The seven biggest takeaways from her essay on feminism in the kitchen and taking pride in being a home cook. 

LONDON - JUNE 1: Chef Nigella Lawson poses for a portrait on June 1, 2005 in London. (Photo by Francesca Yorke/Getty Images) *** Local Caption *** Nigella Lawson
2005 Francesca Yorke
| Credit: Francesca Yorke

Before I began teaching myself how to cook in earnest—only about three or four years ago—I took a certain degree of pride in my lack of knowledge. “I’m not domestic. My powers exist outside of the home,” I used think to myself, smugly. This attitude, thankfully, is almost entirely dissipated from my consciousness. I am now humble enough to understand that home cooks are creative, spontaneous, highly focused, and quick thinking. To identify as a home cook should elicit high praise, but especially among women, the title still doesn’t garner the respect it should. Enter Nigella Lawson, who addresses that issue, in addition to explaining her own relationship to home cooking, in a recent essay for Lenny Letter.

In this moving, thoughtful, perhaps even provocative meditation on why home cooks—in particular, those who identify as women—should feel free to take more pride in their skills and experiment more with their dishes, Lawson also dispels the myth that she is a chef. Here are seven of the most important takeaways from her essay.

Don’t call her a chef

“I am not a chef, but a home cook who writes about food (I have no training and have never cooked professionally),” Lawson writes. She’s not being modest—in fact, she contends that “to deduce that [home cooks] are inadequate at the task of creatively feeding ourselves and others is madness.”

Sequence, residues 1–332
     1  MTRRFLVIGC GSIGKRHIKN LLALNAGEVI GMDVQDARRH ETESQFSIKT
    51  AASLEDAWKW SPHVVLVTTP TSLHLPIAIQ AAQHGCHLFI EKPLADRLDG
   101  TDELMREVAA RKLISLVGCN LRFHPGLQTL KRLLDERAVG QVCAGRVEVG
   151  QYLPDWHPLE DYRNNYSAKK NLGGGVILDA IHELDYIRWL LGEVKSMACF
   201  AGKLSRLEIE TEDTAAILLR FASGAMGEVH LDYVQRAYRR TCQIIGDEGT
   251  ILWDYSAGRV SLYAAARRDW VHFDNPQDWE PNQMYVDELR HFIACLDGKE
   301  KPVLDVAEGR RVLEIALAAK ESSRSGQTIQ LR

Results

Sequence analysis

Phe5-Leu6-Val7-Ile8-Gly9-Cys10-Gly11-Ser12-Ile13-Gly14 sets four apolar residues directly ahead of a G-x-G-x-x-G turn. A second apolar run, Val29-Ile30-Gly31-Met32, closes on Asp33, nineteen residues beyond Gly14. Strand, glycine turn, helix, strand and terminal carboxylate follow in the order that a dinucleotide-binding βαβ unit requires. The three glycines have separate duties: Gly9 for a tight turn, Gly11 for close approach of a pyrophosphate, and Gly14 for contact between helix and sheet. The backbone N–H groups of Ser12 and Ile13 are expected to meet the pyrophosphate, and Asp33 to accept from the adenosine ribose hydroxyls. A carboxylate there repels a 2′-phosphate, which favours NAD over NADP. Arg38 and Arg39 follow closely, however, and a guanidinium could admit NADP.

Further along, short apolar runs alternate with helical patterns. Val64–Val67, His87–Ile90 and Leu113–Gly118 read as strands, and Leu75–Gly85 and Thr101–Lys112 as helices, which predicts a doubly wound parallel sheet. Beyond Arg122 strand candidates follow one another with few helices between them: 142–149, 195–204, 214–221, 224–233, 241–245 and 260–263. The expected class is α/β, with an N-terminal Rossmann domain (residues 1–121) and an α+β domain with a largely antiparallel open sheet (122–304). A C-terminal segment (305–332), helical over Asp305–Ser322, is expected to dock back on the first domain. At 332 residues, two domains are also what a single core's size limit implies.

Don’t put restaurants on a pedestal

“Real cooking is what happens in the home,” she writes. While restaurants can certainly be “oh-so-marvelous,” home cooks have the flexibility to be spontaneous and experimental in the kitchen, whereas professional cooks are sometimes stifled by “conformity.”

Home cooking is a feminist act

One reason Lawson thinks home cooking has historically been so devalued is that “traditionally, chefs had been male and paid; home cooking was ‘women’s work,’ unwaged and taken for granted, sentimentally prized but not essentially valued or respected.” This powerful statement—that we take women cooks for granted while holding them responsible for sustaining the family—is especially resonant now that women are demanding more recognition for the labor they do to maintain kitchens, both professional and domestic.

Belittling home cooking works against women

Lawson also calls out a still-insidious belief system (that I myself once clung to): “There was a time when denigrating cooking and insisting on how hopeless you were at it were ways of establishing distance from the role of domestic drudge. And yet I have always felt that to disparage an activity because it has been traditionally female is itself anti-feminist,” she writes.

Technical skills aren't a necessity

Don’t know how to use a chef’s knife? Don’t worry. Neither does Lawson. And that’s okay. “I haven’t got a knife skill to my name, but I cook often and gladly,” she admits. “For home cooking is not technique-driven but taste-led.”

Recipes are made to be broken

Lawson takes pleasure in straying from the instructions, and she thinks that’s what gives home cooks so much of their power. “Cooking is by its very nature improvisational,” she writes. While recipes are often “reliable” roadmaps, home cooks should feel free to think of them as “an invitation, not a command.”

Creativity is key

Don’t feel hemmed in by past traditions or cookbooks passed down from generations ago. For Lawson, “Cooking is [a] supremely creative act.” You can use “far-flung ingredients,” or whatever happens to be in your refrigerator at the moment, as long as you make a meal that brings you, and perhaps others, joy. “Ultimately,” Lawson concludes, “all home cooking provides comfort.”